Are you curious when wasps will die off or when they're going to go away? If wasps have been frustrating you this year, we have some good news. In the cold temperatures of December, January and February, most wasps die off. But there is a little bad news. Dropping temperatures cause wasps to hide inside Nashville homes. Here's how it works.
We have several species of wasp in Tennessee. The two most common pest wasps are paper wasps and yellow jackets. Paper wasps create grey, egg-shaped nests in locations above the ground. Yellow jackets create most of their nests in the ground or inside voids. Both of these wasps can hide in homes for the winter.
The Life Cycle of a Wasp
At the end of fall and the beginning of winter, wasp queens begin to produce male and female reproductives. The job of these newly hatched reproductives is to leave the nest and develop nests of their own.
Drones feed the female reproductives to fatten them up for the coming winter. That is so they'll make it through without a need to go searching for food.
The male and female reproductives leave the nest and mate. Once this is done, the females search for a place to hide, such as a stump, log, or the heart rot of a tree. Females may also choose to hide in your home. That is why wasps are still lingering around your home. Female reproductives are larger than workers, you are likely to notice them when they start exploring your exterior for a place to hide.
When the cold weather kicks in, the reproductive males die off along with all the wasps of the nest they came from. It is usually only the reproductive females (the future queens) that survive. There are some conditions that can allow a nest to survive the winter but it is more of the exception than the rule.
During the winter, the female reproductives go into a low-energy state called diapause. In this state, a female wasp is able to slow her metabolism down and conserve the energy stored in her body. In diapause, she is also more resistant to the cold. It is sort of like hibernation, only she can wake up as soon as the conditions outside become favorable again. She does not have an internal clock, at least not that we know of.
If a future queen wasp tucks herself away inside your Nashville home, she is likely to emerge in the spring and build a nest on your property or in a void of your home. She may even gain access to your attic space and create a nest in your rafters. Wherever she creates her nest, it can present a threat to you, your family and your pets.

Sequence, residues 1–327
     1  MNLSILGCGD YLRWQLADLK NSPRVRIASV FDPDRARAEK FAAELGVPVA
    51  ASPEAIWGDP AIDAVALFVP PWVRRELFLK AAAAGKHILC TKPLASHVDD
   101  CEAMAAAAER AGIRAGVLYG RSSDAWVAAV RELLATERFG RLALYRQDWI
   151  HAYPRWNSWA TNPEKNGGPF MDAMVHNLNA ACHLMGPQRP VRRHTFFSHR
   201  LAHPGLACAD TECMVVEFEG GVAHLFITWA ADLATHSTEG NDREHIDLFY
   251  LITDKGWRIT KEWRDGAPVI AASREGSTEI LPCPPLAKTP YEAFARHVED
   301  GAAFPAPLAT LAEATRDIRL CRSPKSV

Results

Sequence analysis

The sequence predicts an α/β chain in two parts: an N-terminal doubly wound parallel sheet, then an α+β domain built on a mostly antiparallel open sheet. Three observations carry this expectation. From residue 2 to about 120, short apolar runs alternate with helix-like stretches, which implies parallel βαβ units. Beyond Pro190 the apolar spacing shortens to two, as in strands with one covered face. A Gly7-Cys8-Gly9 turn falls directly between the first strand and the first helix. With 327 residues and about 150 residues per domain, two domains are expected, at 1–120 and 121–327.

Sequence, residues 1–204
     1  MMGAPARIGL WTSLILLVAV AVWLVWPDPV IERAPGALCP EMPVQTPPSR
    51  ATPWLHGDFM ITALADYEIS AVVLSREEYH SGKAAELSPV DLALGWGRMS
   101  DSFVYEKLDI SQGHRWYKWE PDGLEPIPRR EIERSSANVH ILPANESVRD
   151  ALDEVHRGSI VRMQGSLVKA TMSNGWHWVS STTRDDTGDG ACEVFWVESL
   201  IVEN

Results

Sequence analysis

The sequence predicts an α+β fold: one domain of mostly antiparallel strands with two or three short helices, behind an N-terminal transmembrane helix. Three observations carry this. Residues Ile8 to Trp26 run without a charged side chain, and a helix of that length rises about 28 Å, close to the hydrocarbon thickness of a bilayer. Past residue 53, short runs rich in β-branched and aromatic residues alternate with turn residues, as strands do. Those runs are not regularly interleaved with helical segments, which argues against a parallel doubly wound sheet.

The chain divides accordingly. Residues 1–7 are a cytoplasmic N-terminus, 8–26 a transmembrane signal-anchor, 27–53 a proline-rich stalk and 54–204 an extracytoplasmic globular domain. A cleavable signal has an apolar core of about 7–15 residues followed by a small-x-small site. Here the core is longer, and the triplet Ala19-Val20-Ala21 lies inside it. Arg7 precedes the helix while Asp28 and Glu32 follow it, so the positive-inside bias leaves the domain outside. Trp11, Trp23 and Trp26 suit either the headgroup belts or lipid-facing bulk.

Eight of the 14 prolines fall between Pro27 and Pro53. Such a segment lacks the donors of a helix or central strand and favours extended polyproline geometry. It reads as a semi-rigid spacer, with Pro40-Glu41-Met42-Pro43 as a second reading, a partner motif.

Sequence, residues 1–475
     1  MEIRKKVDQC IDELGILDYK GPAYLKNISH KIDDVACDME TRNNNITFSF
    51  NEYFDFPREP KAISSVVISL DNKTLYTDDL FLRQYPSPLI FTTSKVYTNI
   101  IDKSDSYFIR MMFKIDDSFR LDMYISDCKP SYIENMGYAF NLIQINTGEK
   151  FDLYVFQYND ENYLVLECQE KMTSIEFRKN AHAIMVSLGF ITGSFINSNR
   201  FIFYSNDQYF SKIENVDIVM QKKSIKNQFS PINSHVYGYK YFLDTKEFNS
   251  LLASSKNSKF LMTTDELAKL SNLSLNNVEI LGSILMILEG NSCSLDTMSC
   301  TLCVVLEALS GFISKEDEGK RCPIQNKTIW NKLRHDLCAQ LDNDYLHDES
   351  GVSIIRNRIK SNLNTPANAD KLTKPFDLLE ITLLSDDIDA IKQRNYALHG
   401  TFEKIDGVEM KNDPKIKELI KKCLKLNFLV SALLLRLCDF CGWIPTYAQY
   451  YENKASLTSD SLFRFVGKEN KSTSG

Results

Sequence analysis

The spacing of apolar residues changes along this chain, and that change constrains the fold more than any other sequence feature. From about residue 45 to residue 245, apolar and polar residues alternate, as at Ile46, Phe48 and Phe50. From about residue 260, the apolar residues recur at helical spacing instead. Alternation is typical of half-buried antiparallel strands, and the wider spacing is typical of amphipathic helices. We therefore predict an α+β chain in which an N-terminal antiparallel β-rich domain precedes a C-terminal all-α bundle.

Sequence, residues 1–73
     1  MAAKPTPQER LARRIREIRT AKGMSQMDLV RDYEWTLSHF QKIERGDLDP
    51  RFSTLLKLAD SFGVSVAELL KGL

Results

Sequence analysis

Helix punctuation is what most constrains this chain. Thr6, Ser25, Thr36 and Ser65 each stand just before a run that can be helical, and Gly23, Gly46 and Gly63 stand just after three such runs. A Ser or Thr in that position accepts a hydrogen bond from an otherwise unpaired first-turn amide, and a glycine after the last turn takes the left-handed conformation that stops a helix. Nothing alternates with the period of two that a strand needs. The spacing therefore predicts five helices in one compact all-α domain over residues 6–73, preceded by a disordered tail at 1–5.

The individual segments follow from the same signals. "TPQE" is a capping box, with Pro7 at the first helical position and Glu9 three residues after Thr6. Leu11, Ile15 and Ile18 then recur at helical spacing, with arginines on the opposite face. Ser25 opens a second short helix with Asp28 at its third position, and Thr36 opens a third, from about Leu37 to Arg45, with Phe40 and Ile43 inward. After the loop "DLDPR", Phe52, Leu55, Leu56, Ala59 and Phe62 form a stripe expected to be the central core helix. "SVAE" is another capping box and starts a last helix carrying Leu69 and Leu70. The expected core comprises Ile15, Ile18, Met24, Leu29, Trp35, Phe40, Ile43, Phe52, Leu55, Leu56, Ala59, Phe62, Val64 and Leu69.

Wasps in Winter
As it begins to get chilly outside, it can be easy to let your guard down. Insects disappear from the landscape outside. But wasps inside your attic space or in your shed, garage, barn or outbuilding, can still be active. Be cautious when you go to pull anything out of storage. Take a quick check with a flashlight to see if there are any nests or any wasps flying around. And, of course, listen for buzzing sounds.
Wasp Control All Year Long
The Nashville pest control professionals at All-American Pest Control, we help homeowners reduce unwanted encounters with wasps all year long. During the warm months, we help with the detection of nests and the proper removal of nests. When it starts to get cold, we provide feedback for how you can keep pests from getting in. In the winter, we're quick to respond if you find a nest inside your attic space. All year long, you're covered.
Take a moment to reach out to us and learn about Perimeter Plus, All-For-One Advantage, and All-For-One Complete Care pest control from All-American. These residential pest control plans in Nashville cover wasps and a whole lot more. You can get coverage for over 47 common household pests and 10 yard pests. It is essential protection that every Nashville family should have. Let us help you find the right plan for your needs and your budget. We're here to help. Reach out to learn more about our residential and commercial pest control services in Tennessee.
We're Ready To Help
Call Our Office or Fill Out The Form to Schedule Service Now